With a view to many variants of structural components, it is essential to have the possibility to join laser-additively manufactured parts to conventional semi-finished products. In the VariKa project, fatigue strength characteristics are determined for laser beam welded joints between SLM and extruded sheets as well as for SLM nodes joined to extruded profiles. This was done in order to evaluate a joining method that can be implemented for the application and to develop fatigue design concept for such joints. Both, joining technology and the fatigue design concept are finally validated on a variant of the battery holder. In parallel, an iterative improvement of the structure is carried out in cooperation with the project partners and with the aid of the topology optimization. An early stage of this topology optimization for a potential battery holder design is shown in the figure below. On completion of this research project, an evaluation concept will be available for both additively manufactured components and also for their joints to conventional semi-finished products.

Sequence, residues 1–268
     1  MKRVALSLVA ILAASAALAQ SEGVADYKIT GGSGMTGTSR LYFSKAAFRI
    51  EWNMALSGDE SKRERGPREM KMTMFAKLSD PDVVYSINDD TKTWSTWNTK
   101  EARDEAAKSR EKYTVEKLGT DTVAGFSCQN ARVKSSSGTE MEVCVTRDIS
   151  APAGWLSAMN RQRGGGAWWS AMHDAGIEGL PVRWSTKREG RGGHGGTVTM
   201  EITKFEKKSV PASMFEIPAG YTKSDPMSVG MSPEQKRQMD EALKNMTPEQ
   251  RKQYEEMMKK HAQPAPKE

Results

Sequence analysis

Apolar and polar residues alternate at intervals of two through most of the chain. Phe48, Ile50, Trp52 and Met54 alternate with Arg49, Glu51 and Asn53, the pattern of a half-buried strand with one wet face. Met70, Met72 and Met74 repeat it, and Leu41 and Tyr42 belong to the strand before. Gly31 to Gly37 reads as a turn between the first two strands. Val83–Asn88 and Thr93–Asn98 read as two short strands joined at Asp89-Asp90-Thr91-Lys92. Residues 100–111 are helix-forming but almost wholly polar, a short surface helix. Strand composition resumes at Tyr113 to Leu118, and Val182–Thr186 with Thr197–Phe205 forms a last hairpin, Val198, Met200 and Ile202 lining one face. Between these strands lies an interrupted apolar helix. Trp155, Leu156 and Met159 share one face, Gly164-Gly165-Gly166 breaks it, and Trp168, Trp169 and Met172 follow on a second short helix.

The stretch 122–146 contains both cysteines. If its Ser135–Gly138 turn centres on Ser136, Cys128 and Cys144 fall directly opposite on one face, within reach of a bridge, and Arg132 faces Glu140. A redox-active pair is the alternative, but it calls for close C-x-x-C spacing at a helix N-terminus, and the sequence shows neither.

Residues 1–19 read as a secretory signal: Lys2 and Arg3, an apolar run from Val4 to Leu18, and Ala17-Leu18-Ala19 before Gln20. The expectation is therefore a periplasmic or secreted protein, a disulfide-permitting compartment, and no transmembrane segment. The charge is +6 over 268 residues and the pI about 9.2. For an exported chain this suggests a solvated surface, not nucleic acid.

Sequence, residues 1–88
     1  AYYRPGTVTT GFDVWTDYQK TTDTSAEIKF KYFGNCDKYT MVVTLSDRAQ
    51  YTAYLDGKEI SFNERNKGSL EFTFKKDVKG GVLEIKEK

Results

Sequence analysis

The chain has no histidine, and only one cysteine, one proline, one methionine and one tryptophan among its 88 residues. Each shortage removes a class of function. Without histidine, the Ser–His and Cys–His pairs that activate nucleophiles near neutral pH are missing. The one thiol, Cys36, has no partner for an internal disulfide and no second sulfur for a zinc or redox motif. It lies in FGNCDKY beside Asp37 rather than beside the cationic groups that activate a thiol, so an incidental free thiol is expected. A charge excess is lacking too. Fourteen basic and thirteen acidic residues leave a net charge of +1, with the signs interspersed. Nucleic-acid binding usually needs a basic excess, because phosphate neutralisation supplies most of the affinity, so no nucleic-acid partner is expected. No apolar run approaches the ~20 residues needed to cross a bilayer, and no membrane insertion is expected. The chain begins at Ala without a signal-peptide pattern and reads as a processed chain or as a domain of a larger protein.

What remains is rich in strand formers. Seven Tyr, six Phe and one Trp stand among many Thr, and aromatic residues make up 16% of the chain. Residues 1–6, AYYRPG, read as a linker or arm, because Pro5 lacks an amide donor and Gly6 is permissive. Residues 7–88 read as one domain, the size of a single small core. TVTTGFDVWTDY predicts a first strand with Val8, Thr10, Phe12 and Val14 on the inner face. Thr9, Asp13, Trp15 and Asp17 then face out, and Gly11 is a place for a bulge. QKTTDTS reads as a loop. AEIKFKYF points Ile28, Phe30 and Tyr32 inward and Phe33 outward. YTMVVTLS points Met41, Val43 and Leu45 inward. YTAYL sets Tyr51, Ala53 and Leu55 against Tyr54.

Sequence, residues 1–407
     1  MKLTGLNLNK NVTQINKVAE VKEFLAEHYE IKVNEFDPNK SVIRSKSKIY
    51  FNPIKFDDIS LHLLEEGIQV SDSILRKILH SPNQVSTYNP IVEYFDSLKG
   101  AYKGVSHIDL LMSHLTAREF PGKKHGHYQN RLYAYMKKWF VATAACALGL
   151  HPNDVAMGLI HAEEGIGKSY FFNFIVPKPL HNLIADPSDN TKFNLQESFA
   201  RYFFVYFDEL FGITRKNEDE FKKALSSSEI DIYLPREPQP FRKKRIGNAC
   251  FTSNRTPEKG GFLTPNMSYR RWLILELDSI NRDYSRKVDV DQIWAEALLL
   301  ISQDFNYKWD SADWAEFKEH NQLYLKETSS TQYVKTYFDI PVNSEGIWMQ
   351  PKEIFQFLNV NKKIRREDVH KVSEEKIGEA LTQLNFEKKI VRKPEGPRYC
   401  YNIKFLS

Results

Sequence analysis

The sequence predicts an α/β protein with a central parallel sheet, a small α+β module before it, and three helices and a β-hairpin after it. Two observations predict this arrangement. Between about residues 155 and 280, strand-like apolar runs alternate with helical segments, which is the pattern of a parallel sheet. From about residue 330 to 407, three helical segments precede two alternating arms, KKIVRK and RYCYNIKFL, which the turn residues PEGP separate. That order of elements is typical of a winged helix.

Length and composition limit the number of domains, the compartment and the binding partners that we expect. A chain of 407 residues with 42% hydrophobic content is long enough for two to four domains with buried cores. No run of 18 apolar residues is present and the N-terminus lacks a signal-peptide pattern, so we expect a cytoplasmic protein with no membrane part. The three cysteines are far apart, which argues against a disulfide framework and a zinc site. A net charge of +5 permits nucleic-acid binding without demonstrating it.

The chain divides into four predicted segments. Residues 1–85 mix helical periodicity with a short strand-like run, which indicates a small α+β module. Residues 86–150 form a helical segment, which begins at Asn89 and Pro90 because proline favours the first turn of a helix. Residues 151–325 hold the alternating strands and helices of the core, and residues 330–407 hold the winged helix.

Early stage of topology optimization for a potential battery holder design with integration of horizontally positioned semi-finished sections. (© Opel Automobile GmbH)

Cyclic material and component behavior of additively manufactured components

The Fraunhofer LBF scientists hope to gain a much broader understanding of the component related cyclic material behavior of additively manufactured metals by exploiting synergies with the findings of the research project ‘BadgeB’. The project focuses on the materials 2.4668 (Inconel® 718) and AlSi7Mg0.6. The behavior of the materials is investigated with the aid of small scale specimens optimized for additive manufacturing, while varying the build orientation, notch sharpness, surface finishing, a subsequent heat treatment, and different stress ratios. For applications in the automotive and aerospace industries, these findings are translated into a design concept for fatigue strength based on application-oriented components.